MU: It’s just funny because most of the kids don’t realize that most of the bands they look up to and are really into were on major labels. A lot of the bands out of England in the ’80’s were on major labels, like the Stiff Little Fingers, Cockney Rejects, so many bands. They had subdivisions, but they were actually on like Warner Bros. A lot of these kids don’t realize that a lot of the patches and T-shirts they wear, a lot of the albums they own are on majors. It’s got a different name on the back of it because that was the way they did it. So people are like, “Oh, you guys sold out, blahblahblah,” but it’s like if they just did some research, they’d find out that half their record collection is on a major label. The Sex Pistols, the Clash, the Ramones were on majors. It’s like, when did it become this thing that you have to be on a certain label to be a punk band?
KB: So Paul [Russo, guitar/vocals] is not with you guys anymore, right?
MU: Yeah, we kicked him out of the band–it was kind of a mutual thing–like probably in August or September. He wanted to move away. He wasn’t really into the style of music anymore. He didn’t contribute much to the new album. We pretty much wrote it without him, so it was just better to go on without him. I think he’s living out in Salt Lake City right now. I’m not sure what he’s doing. Ever since he left the band we’ve been on tour. He left in mid-to-late August, and we’ve been on tour since September. We’re writing new songs, but we haven’t found a permanent replacement yet. Certain friends of ours have been helping us out until we find a permanent replacement. Basically all we need is a rhythm guitarist, because Scott’s our lead guitarist. We basically just need someone to fill out our sound, so it’s not like a huge deal.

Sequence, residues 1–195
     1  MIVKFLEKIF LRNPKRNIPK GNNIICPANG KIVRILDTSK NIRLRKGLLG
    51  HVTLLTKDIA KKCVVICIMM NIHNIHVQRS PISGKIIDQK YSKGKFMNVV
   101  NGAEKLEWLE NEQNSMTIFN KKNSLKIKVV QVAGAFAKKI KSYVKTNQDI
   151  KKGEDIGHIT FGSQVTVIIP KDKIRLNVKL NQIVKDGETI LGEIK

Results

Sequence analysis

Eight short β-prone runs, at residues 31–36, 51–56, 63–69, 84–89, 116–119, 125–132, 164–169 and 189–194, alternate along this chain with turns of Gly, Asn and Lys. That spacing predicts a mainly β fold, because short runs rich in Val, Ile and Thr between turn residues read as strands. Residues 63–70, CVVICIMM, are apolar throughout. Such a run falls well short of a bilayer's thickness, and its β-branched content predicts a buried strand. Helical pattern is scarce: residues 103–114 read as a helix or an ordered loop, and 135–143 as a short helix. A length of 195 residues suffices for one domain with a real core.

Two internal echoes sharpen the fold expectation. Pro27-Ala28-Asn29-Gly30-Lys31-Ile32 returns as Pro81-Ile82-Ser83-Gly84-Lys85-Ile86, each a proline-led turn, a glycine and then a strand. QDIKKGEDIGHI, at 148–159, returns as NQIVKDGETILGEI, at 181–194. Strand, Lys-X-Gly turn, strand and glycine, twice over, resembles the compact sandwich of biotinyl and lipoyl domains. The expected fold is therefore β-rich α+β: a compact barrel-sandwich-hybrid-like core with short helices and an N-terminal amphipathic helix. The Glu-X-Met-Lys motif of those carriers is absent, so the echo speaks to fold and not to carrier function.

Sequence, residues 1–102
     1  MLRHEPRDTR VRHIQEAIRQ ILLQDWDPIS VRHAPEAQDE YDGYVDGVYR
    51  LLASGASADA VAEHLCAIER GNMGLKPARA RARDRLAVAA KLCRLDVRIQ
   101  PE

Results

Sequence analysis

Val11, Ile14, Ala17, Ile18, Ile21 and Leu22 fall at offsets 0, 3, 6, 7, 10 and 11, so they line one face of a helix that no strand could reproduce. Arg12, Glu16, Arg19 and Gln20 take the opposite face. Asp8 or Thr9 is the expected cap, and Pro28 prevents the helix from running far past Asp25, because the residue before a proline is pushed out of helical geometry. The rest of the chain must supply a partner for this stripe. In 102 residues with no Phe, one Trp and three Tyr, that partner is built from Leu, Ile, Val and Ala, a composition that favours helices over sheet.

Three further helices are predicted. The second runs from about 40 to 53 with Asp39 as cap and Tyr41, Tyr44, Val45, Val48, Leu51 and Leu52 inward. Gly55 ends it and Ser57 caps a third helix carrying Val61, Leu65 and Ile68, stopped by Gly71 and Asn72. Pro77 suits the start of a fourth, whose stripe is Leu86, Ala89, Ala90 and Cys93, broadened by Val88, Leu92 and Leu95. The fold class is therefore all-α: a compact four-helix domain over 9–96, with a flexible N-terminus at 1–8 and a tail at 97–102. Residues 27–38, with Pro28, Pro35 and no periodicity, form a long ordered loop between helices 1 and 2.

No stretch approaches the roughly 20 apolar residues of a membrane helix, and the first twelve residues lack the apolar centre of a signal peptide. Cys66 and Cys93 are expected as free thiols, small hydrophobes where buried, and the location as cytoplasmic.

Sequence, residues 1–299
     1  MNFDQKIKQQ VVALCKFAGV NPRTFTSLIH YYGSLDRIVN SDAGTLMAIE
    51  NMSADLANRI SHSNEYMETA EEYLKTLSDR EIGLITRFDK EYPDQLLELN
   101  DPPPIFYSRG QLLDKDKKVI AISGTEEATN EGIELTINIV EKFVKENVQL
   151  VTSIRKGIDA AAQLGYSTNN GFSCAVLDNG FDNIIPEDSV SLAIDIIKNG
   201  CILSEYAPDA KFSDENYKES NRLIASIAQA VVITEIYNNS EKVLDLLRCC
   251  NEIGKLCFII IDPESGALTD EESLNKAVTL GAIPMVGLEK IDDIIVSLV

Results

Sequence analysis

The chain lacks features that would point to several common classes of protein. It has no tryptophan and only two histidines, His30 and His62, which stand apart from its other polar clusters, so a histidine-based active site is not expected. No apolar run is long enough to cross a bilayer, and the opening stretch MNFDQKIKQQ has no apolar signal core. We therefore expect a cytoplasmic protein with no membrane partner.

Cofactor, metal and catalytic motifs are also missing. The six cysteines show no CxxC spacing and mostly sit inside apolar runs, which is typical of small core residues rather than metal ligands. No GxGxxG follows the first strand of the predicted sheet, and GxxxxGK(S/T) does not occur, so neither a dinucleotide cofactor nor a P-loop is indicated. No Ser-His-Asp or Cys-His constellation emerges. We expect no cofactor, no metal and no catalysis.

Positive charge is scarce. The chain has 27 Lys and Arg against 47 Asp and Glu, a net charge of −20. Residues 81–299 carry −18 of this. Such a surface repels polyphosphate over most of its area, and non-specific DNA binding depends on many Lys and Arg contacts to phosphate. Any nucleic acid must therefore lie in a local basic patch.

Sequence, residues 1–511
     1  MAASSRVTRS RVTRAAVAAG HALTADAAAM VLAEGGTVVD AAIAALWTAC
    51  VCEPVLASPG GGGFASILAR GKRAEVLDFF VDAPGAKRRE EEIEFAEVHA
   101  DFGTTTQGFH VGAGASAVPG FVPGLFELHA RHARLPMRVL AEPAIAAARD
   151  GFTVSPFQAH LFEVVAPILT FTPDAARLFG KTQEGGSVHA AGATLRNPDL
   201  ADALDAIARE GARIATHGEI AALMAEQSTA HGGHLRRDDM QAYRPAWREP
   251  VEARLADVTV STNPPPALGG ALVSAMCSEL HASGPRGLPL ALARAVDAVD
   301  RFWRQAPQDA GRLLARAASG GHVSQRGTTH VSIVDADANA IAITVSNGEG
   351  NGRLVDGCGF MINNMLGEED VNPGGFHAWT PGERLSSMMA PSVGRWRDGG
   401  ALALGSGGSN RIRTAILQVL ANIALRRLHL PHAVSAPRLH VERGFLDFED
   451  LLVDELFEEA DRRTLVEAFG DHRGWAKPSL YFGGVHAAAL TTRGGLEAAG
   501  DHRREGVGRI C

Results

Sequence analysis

KB: To wrap things up, I was flipping through a bunch of old notebooks last night and I found something I had written where I had scribbled at the bottom “Oppressors be warned, all dreams come true someday.” I’m just wondering if you still feel like that or if you’re a little more jaded these days.
MU: I think that was one of Paul’s lyrics, so you’d have to track him down. As far as how I believe, I don’t think all dreams come true. I think if you work at something for a long time and try really hard, you can achieve your goal, or come pretty close. An example is that we’ve been busting our ass doing this for ten years, and it’s finally starting to pay off. So if you stick to it and don’t let people tell you, you can’t do it…we’re not rich by any means, but we’ve succeeded. We can play a show now and we draw a crowd and we have a good time doing it. If you work hard at things you can achieve it, but more so if it’s on a smaller level. You can try your whole life to achieve world peace, but it won’t happen. You can try to run your own successful business, or learn a trade, or something like that, you can achieve that way. So that’s how I can relate to that quote.
The proof is in the pudding. The Unseen sold out their Chicago show just a few days ago. In their tour on their web site, www.unseenpunks.com, Tripp’s posting apologized to all the kids who didn’t make it in, with a promise they would play a bigger venue the next time they come around the windy city. What they didn’t expect was how early the show ended – 8pm. “So we took advantage of the extra time by doing laundry, catching up with old friends, buying much needed supplies, fixing the truck… no wait that would be the responsible thing to do. We just ended up drinking way to much and blacked out (some us before 10). I don’t remember much but if I did anything to offend the great city of Chicago I apologize.”
Unfortunately, the BlueBird where the Unseen, The Virus, locals Clusterfux will play Thursday, March 4, has that pesky curfew. Although we don’t expect the show to end as early as 8pm, get there early to take it all in – doors are at 7pm. You can also get more information on their release, Explode, at www.byorecords.com.